Finally, the importance of class unity also leads us to oppose a perspective common in some radical circles and rampant among liberals. These groups treat oppression as principally a consequence of bad ideas rather than of the structures of capitalism, and as a result they prioritize shaming working people to get them to change their behavior. These activists also often claim to speak on behalf of whole groups of people whom they do not represent, and refuse to build unity with workers who they deem to be “privileged”. These anti-solidaristic practices undermine struggles against exploitation and oppression by dividing our forces. It’s necessary to defeat racism and sexism inside the working class — but this can’t be done effectively without positive appeals to shared class interests. If we want to defeat the capitalist class, we need to unite the working-class majority.
Democratic Road to Socialism
Socialist organizing should be oriented toward the working-class majority who are not yet politically active. We need to bring people into open conflict with capitalists and their politicians around immediate grievances, while making connections between each specific issue and the underlying problem: capitalism. Our goal is to create a mass movement that can force elites to make concessions — and eventually remove them from power.
To do this, we need to work openly in movement struggles and electoral politics as socialists. And we have to fight for a viable path to socialism — what we call the democratic road to socialism — that takes seriously the particular opportunities and challenges of organizing in the United States.
We know that winning elections in a capitalist society is not the same as taking power. Without an organized working class, primarily organized in the workplace where workers have the most power, socialist electoral victories will mean little. The essential task of the democratic road to socialism is rebuilding the organized power of the working class.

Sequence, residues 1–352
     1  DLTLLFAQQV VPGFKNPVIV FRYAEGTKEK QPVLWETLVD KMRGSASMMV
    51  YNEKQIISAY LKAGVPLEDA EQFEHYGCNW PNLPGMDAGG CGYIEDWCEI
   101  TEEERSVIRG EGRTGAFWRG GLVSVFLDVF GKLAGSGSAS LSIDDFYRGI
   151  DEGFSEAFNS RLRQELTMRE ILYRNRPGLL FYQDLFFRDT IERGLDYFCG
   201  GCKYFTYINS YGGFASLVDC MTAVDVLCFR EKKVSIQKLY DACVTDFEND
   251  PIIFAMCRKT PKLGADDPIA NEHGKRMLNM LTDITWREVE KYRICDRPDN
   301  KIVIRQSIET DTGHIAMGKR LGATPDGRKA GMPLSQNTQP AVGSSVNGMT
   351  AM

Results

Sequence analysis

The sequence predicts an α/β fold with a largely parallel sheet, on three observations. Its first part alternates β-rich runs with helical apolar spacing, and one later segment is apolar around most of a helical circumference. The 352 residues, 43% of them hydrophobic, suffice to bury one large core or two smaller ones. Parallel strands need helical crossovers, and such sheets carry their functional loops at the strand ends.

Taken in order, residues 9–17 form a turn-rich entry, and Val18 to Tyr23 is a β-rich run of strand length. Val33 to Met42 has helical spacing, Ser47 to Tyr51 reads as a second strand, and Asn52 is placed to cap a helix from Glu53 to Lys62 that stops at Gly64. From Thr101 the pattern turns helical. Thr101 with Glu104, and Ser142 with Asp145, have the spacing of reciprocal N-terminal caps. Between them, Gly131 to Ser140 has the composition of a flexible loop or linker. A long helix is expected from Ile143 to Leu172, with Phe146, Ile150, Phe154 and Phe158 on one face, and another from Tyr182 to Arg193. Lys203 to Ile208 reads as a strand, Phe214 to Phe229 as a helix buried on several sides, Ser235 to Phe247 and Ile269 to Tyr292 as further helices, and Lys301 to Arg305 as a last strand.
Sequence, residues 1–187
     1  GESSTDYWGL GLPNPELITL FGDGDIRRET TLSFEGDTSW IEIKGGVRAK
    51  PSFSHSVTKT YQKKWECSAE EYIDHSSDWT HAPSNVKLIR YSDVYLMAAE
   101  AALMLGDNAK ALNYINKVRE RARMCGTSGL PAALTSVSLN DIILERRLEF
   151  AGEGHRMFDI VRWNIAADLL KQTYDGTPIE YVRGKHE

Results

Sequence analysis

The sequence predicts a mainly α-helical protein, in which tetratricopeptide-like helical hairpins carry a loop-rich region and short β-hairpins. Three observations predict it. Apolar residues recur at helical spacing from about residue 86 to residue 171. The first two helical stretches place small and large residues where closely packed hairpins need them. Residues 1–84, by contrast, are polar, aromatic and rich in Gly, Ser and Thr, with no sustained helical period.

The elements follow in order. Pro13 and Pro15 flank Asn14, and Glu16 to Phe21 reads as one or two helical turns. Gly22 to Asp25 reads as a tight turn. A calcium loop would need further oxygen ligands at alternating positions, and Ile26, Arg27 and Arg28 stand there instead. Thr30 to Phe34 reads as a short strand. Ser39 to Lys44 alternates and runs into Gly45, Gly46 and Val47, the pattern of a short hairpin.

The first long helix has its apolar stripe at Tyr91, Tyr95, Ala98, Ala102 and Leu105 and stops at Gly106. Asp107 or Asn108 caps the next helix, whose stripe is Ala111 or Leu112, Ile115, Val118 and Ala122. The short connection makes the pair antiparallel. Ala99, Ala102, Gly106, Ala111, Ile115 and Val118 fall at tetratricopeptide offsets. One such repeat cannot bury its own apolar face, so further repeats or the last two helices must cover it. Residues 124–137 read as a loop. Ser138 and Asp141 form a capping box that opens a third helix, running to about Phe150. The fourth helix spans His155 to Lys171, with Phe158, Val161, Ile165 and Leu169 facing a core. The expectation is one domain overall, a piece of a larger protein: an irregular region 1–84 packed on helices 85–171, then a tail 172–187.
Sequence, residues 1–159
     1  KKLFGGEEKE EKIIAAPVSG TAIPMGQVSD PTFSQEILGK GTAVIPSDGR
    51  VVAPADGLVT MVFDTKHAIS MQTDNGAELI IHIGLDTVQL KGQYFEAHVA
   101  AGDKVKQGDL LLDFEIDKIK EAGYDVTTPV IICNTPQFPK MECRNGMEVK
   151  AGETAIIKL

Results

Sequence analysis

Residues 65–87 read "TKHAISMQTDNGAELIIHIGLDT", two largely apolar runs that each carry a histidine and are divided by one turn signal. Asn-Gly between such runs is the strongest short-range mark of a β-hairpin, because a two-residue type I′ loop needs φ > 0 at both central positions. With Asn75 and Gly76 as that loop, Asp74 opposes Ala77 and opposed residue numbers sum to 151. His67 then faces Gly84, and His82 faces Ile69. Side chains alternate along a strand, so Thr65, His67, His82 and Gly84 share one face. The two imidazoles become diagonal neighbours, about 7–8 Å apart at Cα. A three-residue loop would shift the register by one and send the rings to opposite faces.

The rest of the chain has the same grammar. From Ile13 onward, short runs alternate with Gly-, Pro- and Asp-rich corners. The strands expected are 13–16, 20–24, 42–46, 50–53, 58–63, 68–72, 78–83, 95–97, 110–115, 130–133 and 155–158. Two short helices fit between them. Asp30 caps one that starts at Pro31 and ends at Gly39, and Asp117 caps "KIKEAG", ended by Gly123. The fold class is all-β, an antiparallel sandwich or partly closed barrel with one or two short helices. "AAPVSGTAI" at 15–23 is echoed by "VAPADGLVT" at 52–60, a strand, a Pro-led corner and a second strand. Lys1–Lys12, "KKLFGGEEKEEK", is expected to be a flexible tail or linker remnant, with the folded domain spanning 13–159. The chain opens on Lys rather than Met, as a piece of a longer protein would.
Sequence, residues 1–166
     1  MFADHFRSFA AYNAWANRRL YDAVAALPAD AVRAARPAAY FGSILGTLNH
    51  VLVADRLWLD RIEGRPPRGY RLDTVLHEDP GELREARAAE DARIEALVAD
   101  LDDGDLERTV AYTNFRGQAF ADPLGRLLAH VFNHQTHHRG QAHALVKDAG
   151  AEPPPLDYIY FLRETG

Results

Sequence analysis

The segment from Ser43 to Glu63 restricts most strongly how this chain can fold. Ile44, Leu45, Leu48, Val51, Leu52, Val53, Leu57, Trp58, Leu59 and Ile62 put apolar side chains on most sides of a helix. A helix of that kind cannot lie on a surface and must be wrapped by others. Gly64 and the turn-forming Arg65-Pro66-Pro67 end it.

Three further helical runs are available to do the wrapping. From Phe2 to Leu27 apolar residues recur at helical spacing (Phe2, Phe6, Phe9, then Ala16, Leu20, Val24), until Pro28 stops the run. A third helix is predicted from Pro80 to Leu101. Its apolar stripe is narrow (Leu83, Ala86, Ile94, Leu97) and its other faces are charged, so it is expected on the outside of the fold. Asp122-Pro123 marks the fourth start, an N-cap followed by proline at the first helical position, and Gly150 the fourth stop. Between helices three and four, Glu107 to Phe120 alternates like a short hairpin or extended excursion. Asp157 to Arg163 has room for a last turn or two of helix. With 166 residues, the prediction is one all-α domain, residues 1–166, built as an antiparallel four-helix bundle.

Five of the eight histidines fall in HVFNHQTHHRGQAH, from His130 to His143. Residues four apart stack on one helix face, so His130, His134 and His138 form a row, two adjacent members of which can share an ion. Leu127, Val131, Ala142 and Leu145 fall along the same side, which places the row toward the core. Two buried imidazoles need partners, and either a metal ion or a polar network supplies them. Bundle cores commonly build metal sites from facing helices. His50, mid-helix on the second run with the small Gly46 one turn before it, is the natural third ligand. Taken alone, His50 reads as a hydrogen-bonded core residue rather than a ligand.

But this working-class movement will ultimately have to contend with state power. Toward this end, we seek to build a mass party of the working class with a socialist program. Such a party will fight to win structural reforms that increase the power of the working class and use elections and mobilizations to convince more and more people of the need for socialism.
We do not pretend to know exactly how a transition from capitalism to socialism will ultimately play out, of course. But we want to build a socialist party that can take advantage of a crisis of legitimacy of capitalism, when it surely arrives. A party can even help foment a crisis, through helping to build powerful movements from below — millions of people acting on their own behalf in strikes, workplace takeovers, student occupations, and mass demonstrations — and by electing a socialist government. Such mobilizations and such a government would together be able to create a rupture with the capitalist system. And since no ruling class has ever peacefully ceded power, in a transitional period a socialist government backed by popular mobilizations will have to do everything necessary to defend the mandate they have won to carry out a program of redistribution, expropriation, and democratic reform of state institutions.
Our perspective differs from alternative socialist strategies. We reject a strategy of gradually winning reforms which never seeks to break with the capitalist system. Often this strategy also embraces liberal tactics for winning reforms that prioritize electing and winning the ear of benevolent elites rather than challenging capital’s right to rule or building the working class’s ability to fight. On the other hand, we also reject a strategy of insurrection which mistakenly seeks to adopt a model from vastly different historical conditions and apply it to our situation today. We oppose ultra-left tactics that substitute adventures organized by a small cadre of activists for a mass, organized working-class movement. And we oppose politics defined by radical posturing that appeals only to the already convinced.
Independent Political Action